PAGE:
In Harvey, small carnicerias fill the void of brick-and-mortar grocery stores. Food pantry lines are long. Liquor stores stocked with Hot Krunchy Kurls. Fast food joints are ubiquitous.
Locally grown food can be a catalyst for taking care of one another, Cepeda said, and reimagining your community. “What happens if you have a backyard and you grow a bunch of food and you have a mother with a bunch of children? Children love to eat, right?”
“This is social justice,” Cepeda remarked about a message stressed to his students. Urban Farmers, which donates regularly to Harvey churches, gave away 3,000 pounds of food in a single year.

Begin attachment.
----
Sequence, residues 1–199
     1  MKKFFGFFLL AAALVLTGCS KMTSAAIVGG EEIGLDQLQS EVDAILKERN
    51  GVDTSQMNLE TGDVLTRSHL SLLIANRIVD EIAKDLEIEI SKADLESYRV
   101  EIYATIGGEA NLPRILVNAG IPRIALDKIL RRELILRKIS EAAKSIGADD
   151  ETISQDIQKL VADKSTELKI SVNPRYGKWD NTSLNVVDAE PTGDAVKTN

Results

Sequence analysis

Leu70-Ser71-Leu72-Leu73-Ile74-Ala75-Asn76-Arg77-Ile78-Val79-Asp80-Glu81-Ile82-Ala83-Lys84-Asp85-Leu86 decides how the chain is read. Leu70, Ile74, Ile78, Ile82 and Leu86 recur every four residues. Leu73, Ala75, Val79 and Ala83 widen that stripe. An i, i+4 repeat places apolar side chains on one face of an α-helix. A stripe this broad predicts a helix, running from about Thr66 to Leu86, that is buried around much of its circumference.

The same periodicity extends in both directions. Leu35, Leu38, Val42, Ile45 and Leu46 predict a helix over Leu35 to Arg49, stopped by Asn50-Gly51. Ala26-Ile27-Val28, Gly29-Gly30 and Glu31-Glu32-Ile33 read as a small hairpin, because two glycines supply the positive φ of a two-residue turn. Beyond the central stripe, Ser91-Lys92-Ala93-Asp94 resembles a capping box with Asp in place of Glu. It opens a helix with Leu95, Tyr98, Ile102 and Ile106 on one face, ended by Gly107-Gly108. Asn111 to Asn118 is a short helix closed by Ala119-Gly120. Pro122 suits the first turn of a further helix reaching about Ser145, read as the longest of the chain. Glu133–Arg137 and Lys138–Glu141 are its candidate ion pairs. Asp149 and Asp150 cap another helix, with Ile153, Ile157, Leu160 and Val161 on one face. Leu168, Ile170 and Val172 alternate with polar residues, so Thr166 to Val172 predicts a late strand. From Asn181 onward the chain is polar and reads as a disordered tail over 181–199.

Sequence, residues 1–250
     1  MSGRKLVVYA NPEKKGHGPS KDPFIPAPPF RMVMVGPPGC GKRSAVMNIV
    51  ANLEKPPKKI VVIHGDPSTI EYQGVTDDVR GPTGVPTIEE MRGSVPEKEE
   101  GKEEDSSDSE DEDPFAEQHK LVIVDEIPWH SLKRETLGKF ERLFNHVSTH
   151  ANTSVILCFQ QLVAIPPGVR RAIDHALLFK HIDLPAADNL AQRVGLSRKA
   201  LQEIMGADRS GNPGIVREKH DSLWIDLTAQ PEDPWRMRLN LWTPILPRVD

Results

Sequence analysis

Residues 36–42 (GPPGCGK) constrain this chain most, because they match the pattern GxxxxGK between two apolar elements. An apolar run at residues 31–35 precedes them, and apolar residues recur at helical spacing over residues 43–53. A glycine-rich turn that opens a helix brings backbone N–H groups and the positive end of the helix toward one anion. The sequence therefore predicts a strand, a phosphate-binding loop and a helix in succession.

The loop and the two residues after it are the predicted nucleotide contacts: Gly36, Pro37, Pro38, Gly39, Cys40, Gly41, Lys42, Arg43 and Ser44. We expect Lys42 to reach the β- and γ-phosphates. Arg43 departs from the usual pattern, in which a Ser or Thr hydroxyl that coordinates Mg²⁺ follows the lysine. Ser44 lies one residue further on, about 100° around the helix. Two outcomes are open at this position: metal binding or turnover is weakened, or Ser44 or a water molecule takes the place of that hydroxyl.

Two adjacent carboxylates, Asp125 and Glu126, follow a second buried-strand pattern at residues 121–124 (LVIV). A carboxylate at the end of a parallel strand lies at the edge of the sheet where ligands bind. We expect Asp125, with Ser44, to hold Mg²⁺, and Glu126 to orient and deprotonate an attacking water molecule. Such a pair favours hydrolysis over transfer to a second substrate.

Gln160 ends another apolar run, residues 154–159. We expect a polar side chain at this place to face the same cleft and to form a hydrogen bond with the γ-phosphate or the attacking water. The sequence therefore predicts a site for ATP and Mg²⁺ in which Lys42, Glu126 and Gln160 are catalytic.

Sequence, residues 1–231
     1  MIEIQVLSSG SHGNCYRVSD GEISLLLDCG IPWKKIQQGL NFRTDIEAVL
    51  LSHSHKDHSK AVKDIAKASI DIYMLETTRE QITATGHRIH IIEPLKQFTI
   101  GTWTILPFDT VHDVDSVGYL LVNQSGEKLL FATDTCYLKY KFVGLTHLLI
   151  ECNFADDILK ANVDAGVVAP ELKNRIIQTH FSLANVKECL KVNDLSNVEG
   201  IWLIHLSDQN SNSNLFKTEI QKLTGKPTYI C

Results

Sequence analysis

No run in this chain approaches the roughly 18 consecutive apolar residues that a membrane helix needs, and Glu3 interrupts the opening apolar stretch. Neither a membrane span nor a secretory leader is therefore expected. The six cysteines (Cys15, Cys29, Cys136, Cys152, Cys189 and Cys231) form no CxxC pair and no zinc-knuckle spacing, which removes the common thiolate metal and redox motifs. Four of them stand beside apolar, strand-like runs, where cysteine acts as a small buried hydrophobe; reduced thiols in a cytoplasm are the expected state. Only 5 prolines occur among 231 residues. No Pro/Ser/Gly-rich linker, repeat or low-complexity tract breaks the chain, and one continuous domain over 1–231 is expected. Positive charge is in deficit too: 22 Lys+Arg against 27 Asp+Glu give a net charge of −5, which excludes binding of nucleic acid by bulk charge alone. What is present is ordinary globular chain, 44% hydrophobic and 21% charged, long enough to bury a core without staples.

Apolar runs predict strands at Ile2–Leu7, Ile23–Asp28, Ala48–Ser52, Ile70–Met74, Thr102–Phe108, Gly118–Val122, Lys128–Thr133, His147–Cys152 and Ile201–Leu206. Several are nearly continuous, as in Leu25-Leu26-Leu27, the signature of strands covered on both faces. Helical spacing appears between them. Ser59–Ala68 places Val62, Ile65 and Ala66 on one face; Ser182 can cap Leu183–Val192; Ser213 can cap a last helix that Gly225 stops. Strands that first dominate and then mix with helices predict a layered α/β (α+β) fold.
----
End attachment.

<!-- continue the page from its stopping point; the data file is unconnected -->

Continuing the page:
Farmers introduces students to the regenerative agriculture model, used by indigenous communities to work with—rather than against—the earth’s natural systems.
Everything at Farmers has a purpose. Bees to pollinate the plants, available to take home and even donate during the fall harvest. A forthcoming ladybug farm to eat plant-eating insects, which reduces the need for pesticides that ultimately hurt crops.
It’s a departure from industrial farming practices, which have been linked to rising greenhouse gas emissions. According to recent data from the United States Environmental Protection Agency, agriculture makes up 11% of GHG emissions as of 2020. That’s up from 7.8% in 1990.
That’s because factory farms feed livestock genetically modified foods or use pesticides on crops—all which eventually makes its way to your grocery store.